Editor's Note: Dr. James M. Lindsay is a Senior Vice President at the Council on Foreign Relations and co-author of America Unbound: The Bush Revolution in Foreign Policy. Visit his blog here and follow him on Twitter. The following is his First Take, reprinted with the permission of the Council on Foreign Relations.
By James M. Lindsay, CFR.org
The Palestinian statehood bid is not the only issue the Obama administration has been struggling with this week. On Wednesday, the White House announced that it had approved a $5 billion arms deal to upgrade Taiwan’s fleet of 145 F-16 fighter planes. That might sound like a hum-drum decision, but it’s one fraught with domestic and diplomatic peril. Taiwanese officials had wanted the administration to sell them sixty-six new F-16 C/D’s – they are faster and have better long-range radar capabilities – rather than retrofit the older F-16 A/B’s. (The Taiwanese also want diesel-electric submarines.) Many members of Congress lobbied the administration on Taiwan’s behalf. At the same time, China reiterated its view that arms sales to Taiwan, which it considers to be a renegade province, violate Chinese sovereignty. When the United States announced a smaller weapons deal with Taiwan last year, Beijing halted military-to-military cooperation.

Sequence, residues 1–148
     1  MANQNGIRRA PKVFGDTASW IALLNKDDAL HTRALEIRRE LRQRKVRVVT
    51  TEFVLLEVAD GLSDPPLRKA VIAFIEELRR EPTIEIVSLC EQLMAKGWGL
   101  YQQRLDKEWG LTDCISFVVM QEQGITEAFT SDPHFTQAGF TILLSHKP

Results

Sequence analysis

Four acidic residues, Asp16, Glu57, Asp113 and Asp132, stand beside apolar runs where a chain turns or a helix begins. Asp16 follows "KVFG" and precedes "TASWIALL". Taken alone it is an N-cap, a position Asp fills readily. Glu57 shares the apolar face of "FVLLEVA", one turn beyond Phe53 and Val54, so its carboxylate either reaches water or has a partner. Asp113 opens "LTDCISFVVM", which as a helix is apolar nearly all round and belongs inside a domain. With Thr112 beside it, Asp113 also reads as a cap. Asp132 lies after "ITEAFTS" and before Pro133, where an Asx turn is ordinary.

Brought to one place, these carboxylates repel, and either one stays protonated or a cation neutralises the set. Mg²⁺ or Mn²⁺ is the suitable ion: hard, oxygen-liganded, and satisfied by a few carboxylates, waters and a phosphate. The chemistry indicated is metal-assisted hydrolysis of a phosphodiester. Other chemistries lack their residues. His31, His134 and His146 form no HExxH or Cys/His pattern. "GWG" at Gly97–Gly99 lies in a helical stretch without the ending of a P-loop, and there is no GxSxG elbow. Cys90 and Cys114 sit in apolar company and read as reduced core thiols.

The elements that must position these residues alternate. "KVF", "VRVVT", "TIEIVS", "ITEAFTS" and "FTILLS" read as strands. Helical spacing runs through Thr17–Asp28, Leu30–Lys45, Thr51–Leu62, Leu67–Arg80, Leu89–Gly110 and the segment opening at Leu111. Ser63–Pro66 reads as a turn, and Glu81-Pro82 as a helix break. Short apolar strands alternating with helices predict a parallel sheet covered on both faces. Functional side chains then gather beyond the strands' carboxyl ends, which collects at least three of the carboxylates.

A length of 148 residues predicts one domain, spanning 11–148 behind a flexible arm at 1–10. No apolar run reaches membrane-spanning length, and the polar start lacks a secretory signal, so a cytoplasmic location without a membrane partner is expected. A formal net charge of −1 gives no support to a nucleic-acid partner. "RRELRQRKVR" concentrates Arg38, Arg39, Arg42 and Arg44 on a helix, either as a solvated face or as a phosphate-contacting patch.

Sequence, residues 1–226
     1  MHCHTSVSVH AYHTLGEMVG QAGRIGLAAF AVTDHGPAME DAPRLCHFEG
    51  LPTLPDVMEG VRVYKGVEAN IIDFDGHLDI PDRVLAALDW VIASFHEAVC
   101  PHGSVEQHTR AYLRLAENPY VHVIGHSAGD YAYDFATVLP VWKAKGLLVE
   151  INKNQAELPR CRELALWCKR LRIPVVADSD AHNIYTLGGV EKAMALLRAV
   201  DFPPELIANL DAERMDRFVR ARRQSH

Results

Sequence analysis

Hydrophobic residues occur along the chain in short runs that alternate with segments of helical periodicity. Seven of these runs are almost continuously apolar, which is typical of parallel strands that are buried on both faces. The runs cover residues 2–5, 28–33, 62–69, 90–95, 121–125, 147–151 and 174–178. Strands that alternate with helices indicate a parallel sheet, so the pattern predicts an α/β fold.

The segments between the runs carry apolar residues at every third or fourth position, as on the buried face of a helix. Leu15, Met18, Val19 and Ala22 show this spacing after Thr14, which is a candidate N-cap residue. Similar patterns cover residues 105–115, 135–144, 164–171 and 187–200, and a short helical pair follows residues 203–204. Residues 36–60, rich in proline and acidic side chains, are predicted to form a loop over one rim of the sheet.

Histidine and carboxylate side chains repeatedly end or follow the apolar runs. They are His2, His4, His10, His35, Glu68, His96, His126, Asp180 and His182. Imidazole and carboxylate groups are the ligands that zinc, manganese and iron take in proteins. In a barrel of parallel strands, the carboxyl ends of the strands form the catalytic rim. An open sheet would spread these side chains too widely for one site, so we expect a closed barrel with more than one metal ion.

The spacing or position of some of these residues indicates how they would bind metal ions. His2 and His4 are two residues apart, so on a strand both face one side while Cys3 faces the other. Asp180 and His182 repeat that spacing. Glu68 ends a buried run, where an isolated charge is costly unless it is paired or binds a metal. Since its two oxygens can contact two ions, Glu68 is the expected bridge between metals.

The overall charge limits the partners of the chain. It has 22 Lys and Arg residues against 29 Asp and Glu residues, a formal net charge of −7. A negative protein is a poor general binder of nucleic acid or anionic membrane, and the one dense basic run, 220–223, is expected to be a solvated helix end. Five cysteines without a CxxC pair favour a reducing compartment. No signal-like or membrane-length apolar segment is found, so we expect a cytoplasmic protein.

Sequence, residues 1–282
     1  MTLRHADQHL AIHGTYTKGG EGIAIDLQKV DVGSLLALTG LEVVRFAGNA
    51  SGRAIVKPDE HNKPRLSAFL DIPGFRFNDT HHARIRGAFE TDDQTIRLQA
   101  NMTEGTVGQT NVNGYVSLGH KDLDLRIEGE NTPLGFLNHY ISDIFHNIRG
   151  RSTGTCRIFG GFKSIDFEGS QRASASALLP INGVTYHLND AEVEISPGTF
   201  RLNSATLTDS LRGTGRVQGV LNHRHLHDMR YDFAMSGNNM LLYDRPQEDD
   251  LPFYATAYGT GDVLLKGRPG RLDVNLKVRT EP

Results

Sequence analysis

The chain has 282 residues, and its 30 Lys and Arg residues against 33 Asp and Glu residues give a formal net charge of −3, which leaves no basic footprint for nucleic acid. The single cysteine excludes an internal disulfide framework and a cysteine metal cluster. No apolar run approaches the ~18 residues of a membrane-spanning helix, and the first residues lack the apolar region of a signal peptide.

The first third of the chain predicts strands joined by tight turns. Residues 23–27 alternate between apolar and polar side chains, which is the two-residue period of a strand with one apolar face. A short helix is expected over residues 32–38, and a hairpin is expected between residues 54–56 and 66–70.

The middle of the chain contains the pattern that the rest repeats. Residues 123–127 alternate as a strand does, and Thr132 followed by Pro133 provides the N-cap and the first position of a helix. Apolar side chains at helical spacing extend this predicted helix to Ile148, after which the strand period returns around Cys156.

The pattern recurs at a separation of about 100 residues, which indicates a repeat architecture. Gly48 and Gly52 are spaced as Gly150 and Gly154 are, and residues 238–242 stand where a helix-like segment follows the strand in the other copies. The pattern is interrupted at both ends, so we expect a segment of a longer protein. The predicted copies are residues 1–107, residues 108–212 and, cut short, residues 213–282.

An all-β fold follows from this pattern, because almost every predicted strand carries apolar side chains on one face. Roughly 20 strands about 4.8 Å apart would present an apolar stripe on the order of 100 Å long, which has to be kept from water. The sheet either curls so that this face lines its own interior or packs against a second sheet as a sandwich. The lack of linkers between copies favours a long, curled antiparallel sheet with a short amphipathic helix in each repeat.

So far reactions to the White House decision have been muted. GOP presidential candidate Mitt Romney did assail the decision as “yet another example of his [Obama’s] weak leadership in foreign policy,” and he accused the president of having “caved into the unreasonable demands of China.” But Taipei helped the White House out by formally thanking the administration for the decision. Under the terms of the 1979 Taiwan Relations Act, which mandates that the United States provide Taiwan with sufficient weaponry to defend itself, Congress has thirty days to object. The press of other legislative business may help keep Congress on the sidelines. And no fireworks have erupted in Beijing. But stay tuned. This could just be the calm before the storm.